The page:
A six-month-old, an artist, and a teacher: Just 3 of the remarkable people who shared their stories of resilience and courage in 2021

The one common thread that runs through every story is the ability to keep moving forward — no matter what.

Emma Jones 4 minute read December 27, 2021
Tanner McCleod rare disease

Tanner McCleod needed a stem cell transplant when he was just six months old. SUPPLIED

It’s one of our most successful series: What It Feels Like, where journalist Emma Jones chronicles the stories of Canadians — in their words — who share their remarkable health journeys. This year, we learned about the groundbreaking treatments that are keeping more people alive and about the hope for medical innovations to improve quality of life. We also met incredible people who are using their health challenges to create a better world for all of us.

Plus, we got a snapshot of how much work there is still to be done to build a healthcare system that is truly accessible, equal and fair. From across Canada, Jones followed the lives of those who had to push back against stigma just to receive treatment, who were sent back to unsafe environments after asking for help, and those who face the possibility that they life-saving treatment will be unaffordable in the future.

Here’s a look back at just a few of these stories of resilience, courage and perseverance.


My son has sideroblastic anemia

Tanner McCleod was diagnosed with sideroblastic anemia at six months old. Until a match for a life-changing stem cell donation was found, he had to have a blood transfusion every few weeks. Read more

‘I received a phone call from the bone marrow transplant team nurse saying Tanner has an appointment for an MRI in early January… I knew it was the start of something significant for us,’ says Tanner’s mom, Miranda McCleod. SUPPLIED Supplied


Recovering from drug addiction

Matt Kieselstein was 11 when he realized he could get high from the Ritalin prescribed by his doctor for ADHD. It kicked off almost 30 years of substance abuse — punctuated with periods of sobriety, opiate addiction, countless overdoses and two suicide attempts. Now 42 and more than 900 days sober, Matt is enrolled in the Addiction Studies program at McMaster University. Read more

‘Connection is one of the biggest parts of recovery,’ says Matt Kieselstein, who is now enrolled in the Addiction Studies program at McMaster University. SUPPLIED


Deep brain stimulation for Parkinson’s disease

Manzil Bacchus was diagnosed with Parkinson’s disease in 2008. Originally told that nothing could be done to stop the progression of the nervous system disorder, Manzil and his wife, Sadia, continued to manage the increasingly worrisome symptoms. Until one snowy day in the middle of the COVID-19 pandemic, Manzil checked in for a life-changing brain surgery. Read more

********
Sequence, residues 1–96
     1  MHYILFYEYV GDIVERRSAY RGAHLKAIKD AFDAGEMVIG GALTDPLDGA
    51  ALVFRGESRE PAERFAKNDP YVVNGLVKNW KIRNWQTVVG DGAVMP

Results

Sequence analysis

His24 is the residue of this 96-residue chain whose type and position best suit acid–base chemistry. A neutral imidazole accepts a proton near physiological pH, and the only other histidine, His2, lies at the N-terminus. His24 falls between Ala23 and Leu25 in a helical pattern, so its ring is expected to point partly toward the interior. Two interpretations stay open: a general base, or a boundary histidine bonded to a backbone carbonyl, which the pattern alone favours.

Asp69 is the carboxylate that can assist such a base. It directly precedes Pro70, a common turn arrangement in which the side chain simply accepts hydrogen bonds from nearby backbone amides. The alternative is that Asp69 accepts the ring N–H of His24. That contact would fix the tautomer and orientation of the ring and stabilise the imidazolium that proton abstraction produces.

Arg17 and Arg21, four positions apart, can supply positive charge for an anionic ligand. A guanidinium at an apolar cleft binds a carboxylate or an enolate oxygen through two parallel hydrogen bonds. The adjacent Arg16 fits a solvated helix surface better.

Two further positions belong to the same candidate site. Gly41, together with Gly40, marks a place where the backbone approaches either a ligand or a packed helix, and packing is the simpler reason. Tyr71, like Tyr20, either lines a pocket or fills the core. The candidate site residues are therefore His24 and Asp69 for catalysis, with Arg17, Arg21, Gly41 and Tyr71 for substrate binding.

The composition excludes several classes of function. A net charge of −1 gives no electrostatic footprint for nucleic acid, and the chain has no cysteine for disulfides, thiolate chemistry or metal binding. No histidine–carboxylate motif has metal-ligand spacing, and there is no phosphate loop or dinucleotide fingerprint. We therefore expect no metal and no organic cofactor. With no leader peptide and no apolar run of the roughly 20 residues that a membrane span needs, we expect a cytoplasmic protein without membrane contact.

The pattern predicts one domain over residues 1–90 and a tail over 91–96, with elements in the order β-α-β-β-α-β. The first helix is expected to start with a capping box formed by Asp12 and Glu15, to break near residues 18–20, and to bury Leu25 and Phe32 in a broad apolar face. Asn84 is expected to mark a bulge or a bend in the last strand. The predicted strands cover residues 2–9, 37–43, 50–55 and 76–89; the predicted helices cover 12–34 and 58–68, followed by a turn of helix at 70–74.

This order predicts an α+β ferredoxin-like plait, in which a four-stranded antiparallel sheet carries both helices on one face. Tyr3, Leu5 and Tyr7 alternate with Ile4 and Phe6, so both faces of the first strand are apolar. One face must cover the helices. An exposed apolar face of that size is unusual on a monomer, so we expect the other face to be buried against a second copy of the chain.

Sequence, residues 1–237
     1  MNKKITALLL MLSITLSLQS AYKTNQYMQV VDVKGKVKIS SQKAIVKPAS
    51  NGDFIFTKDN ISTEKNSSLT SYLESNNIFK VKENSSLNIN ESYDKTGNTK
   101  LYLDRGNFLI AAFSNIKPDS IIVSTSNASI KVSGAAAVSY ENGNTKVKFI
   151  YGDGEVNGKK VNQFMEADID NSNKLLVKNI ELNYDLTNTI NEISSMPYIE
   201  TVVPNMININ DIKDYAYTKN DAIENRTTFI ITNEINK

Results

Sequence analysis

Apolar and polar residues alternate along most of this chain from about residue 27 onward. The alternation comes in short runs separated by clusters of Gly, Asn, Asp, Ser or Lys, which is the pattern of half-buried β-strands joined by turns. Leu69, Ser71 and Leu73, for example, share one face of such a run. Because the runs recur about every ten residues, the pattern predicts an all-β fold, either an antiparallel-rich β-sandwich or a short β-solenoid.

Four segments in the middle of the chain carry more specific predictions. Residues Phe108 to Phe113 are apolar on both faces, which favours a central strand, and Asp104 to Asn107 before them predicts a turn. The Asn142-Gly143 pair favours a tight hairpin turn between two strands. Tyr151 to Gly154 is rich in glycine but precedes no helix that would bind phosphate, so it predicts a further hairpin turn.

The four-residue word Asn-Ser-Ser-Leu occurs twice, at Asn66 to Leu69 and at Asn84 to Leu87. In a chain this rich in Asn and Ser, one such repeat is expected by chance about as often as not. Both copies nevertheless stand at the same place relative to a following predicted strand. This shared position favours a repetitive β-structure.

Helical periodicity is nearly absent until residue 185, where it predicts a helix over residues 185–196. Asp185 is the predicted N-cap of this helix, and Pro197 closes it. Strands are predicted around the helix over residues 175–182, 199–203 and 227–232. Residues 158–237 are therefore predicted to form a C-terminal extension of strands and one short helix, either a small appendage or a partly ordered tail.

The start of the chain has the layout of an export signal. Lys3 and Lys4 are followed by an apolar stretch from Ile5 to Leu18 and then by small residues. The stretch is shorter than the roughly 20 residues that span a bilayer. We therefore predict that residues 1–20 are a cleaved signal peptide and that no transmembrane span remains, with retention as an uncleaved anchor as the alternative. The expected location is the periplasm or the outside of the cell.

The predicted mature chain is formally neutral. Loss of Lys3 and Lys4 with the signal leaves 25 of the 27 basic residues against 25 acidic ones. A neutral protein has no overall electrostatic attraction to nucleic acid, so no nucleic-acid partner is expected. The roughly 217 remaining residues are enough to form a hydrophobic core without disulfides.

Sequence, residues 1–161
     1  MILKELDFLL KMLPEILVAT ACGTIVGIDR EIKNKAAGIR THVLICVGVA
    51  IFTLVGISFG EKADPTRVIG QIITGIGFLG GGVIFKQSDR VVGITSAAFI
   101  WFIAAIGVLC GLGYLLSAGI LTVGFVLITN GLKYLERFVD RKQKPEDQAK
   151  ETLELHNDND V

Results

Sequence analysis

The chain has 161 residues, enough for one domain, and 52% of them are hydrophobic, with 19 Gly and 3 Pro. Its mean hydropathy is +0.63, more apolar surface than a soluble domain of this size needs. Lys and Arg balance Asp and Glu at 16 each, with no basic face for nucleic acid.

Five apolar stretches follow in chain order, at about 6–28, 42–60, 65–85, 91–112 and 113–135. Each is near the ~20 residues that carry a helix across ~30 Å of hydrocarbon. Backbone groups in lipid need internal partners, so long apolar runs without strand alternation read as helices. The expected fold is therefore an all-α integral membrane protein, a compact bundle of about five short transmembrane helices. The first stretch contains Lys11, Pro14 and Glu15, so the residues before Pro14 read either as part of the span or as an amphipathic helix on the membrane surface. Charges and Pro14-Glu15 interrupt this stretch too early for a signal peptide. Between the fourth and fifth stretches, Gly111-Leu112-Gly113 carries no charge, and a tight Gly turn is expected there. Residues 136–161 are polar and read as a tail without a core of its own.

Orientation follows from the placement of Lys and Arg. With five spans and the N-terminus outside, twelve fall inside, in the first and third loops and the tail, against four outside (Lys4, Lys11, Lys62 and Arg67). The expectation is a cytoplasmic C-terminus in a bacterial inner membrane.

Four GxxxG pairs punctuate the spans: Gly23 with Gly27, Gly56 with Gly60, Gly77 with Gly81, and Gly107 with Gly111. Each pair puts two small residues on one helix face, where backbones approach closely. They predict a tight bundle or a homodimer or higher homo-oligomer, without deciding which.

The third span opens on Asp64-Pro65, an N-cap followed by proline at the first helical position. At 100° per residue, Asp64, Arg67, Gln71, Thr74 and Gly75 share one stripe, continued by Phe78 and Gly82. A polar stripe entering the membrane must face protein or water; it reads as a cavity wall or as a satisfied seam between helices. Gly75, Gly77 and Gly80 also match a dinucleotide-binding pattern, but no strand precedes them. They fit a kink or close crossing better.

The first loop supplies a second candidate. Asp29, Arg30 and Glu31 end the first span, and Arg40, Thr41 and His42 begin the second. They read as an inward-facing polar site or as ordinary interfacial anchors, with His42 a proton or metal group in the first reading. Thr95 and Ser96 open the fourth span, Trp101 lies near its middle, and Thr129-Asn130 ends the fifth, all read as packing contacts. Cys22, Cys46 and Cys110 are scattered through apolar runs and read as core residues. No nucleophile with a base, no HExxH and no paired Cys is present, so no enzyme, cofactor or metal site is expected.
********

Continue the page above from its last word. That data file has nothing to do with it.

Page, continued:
parkinson's disease deep brain stimulation

‘Manzil has his life back, I have my husband back and our kids have their dad back,’ says Manzil Bacchus’ wife, Sadia. SUPPLIED


Living with endometriosis

Samantha Lyster was a teenager when a gynecologist dismissed frequent abdominal pain as constipation, and told her to eat more vegetables. It took years of research and specialist appointments before she would finally have an reason for her symptoms: endometriosis.

‘It shouldn’t be a special circumstance that you have an advocate that can help you or somebody that can point you in the right direction. You should be believed when you say you’re in pain,’ says Samantha Lyster. Supplied


Living with HIV

Tiko Kerr did not have any symptoms when he received an HIV positive diagnosis in 1985. He had heard that a virus was threatening the health of his community and, wanting to do his part, decided to get tested. He describes hearing his diagnosis as feeling like it was the end of the world.

Tiko Kerr

Artist Tiko Kerr is part of a new documentary, Undetectable, which explores the lives of HIV survivors. PHOTO CREDIT: Pauli-Ann Carriere Studios

Living with a rare cancer

When Paul Kitchen was diagnosed with a rare bone marrow cancer, he already knew the implications — his mother had passed away from the same disease years earlier. Fortunately for Kitchen, treatments exist now that enable him to live a normal life. Read more

‘I felt that I was really lucky. My mother was diagnosed with Waldenstrom macroglobulinemia in the late ’70s and she didn’t have any treatments at all,’ says Paul Kitchen. SUPPLIED

Read more stories in the What It Feels Like series by clicking here.

Got a health story to share? Email Emma Jones at emjones@postmedia.com.


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